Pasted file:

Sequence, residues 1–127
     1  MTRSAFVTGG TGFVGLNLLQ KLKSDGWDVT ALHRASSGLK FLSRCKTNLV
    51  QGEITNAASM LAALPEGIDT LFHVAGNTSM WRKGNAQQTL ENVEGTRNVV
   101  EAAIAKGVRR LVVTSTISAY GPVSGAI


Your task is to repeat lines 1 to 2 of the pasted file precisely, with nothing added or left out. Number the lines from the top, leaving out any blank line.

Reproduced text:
Sequence, residues 1–127
     1  MTRSAFVTGG TGFVGLNLLQ KLKSDGWDVT ALHRASSGLK FLSRCKTNLV